His glance flicked away and he nodded thoughtfully, watching as the water purled round his wrist. Suddenly he wondered if he should tell her what he had so unexpectedly discovered. Certainly it wasn’t common knowledge, or Pippin would have mentioned it during the merciless interrogations he had endured at Merry’s hands over the last two evenings. He wondered if it was a secret best left alone. Intuition whispered otherwise, but he wished not to trouble her in any way; he sighed, unsure of whether to proceed or not.

Estella leaned forward then and touched his hand, and he turned back to look at her. There again was the grave child’s face, the gentle gaze, so oddly watchful, as if she was looking out for him instead of the other way round. He recalled the courage and defiance he had seen in this small face at Michel Delving when she knelt protectively over Freddy, the fierce spirit that had flashed out at him in the instant their eyes had met as strangers. And now he remembered suddenly the blank shock that had filled those eyes the moment after, and for the first time it occurred to him to wonder if perhaps he had been no stranger to her….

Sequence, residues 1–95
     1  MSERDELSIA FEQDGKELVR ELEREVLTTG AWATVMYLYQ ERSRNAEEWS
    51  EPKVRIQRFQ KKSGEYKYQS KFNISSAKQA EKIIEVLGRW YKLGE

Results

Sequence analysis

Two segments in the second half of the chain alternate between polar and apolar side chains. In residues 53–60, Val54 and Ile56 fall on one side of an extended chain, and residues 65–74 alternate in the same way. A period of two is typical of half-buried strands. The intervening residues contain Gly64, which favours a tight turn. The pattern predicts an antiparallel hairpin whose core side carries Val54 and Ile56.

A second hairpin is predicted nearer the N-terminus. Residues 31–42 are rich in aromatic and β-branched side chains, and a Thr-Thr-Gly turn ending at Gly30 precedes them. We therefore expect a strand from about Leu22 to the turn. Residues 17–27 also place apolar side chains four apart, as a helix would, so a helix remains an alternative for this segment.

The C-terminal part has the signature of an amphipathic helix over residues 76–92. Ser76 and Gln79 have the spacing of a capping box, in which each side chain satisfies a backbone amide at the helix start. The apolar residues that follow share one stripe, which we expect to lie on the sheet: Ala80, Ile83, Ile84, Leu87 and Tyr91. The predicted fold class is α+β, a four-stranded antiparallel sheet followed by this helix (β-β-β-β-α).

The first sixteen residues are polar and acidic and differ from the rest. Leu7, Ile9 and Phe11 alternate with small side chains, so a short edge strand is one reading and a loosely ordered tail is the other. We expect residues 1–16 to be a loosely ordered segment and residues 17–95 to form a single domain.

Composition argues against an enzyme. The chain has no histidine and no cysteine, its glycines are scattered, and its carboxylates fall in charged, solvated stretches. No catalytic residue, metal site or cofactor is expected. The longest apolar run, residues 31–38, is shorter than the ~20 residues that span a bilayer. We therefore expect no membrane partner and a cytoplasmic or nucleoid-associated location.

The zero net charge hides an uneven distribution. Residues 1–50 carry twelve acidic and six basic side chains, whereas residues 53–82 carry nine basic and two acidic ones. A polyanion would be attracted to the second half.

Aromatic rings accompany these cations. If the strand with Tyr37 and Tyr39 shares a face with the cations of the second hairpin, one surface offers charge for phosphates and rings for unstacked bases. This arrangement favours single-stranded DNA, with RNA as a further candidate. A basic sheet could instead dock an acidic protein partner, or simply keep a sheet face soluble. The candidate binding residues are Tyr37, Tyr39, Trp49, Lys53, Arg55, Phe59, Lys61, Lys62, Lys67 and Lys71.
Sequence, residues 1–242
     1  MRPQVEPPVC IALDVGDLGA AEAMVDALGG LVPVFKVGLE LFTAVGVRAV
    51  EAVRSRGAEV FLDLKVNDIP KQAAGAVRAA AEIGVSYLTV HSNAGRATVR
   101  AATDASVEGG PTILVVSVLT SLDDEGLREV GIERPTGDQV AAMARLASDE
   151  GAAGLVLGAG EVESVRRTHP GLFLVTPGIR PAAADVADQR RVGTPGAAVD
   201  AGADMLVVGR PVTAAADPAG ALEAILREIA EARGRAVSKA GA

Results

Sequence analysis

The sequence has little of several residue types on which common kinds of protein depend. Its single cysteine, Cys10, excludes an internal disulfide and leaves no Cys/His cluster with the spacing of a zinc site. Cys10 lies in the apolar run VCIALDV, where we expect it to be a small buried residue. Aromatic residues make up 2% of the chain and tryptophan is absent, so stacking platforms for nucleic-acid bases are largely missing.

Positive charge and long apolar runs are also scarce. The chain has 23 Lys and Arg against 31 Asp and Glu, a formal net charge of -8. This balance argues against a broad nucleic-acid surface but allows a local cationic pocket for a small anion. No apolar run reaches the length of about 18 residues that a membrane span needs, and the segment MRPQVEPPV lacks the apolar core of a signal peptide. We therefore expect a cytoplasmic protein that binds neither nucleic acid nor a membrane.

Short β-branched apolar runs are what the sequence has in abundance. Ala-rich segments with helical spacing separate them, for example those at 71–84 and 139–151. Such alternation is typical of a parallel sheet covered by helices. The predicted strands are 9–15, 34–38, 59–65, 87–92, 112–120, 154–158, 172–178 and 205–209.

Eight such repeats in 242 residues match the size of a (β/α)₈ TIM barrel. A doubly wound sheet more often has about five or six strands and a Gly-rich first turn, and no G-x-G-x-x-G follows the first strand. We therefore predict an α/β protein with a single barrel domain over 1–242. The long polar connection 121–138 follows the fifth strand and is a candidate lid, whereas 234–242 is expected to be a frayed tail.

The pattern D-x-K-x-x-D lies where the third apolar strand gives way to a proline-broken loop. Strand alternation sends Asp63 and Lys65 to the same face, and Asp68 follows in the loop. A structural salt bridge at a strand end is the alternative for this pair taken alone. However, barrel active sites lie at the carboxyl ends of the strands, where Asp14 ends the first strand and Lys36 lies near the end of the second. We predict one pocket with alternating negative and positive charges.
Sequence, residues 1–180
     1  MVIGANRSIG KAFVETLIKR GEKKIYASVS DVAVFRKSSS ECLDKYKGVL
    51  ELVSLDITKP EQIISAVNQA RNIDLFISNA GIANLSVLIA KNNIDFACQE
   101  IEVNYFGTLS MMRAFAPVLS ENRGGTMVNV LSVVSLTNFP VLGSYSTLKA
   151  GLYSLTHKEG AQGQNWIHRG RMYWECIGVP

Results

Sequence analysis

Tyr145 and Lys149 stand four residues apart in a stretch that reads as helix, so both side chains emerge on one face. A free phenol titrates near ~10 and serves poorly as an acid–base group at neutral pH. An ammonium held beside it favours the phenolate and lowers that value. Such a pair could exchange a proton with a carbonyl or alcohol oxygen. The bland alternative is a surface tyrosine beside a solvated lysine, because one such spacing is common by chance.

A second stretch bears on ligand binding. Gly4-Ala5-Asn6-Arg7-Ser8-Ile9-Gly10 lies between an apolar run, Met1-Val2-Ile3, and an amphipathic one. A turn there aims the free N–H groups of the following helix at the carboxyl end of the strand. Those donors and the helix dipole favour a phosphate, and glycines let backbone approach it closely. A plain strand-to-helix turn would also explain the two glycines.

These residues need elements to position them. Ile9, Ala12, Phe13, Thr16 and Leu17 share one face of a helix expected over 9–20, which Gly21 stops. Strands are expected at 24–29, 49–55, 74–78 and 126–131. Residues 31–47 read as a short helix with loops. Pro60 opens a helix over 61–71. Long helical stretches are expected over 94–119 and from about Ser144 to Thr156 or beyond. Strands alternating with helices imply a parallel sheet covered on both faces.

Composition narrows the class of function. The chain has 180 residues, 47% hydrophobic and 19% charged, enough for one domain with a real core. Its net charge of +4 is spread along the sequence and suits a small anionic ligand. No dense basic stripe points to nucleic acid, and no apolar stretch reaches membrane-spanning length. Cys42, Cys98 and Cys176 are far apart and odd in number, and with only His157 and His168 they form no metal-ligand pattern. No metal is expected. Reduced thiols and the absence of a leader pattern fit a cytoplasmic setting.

“I was remembering Michel Delving,” he said, making up his mind all at once, “on the day Freddy came out of the Lockholes. There was a boy….”

He saw her go still, and dropped his gaze quickly to his lap. If he did not press the matter, he thought, or deliberately catch her out, she could pass over it if she wished, and he would know they must let her secret lie by common consent. He heard her draw a long breath and after a moment’s pause, let it out again. “Merry?” she murmured.

He glanced up. A deep flush stained her cheeks and her eyes, though bright, were shadowed with painful uncertainty. He lifted his own eyes and met her doubtful gaze squarely on with a knowing smile and all the reassurance he could muster, and slowly her face softened and warmed. Despite her solemn manner, a tiny smile played over her lips. She shook her head. “How did you—?”

“It was the way you looked at me just then,” he confessed gently. “And the hat.” With smiling eyes, he reached out to flick the brim. “Twice I saw that look, yesterday and today, and twice I knew I had seen you look at me like that somewhere before.”

“Like…what?” she asked.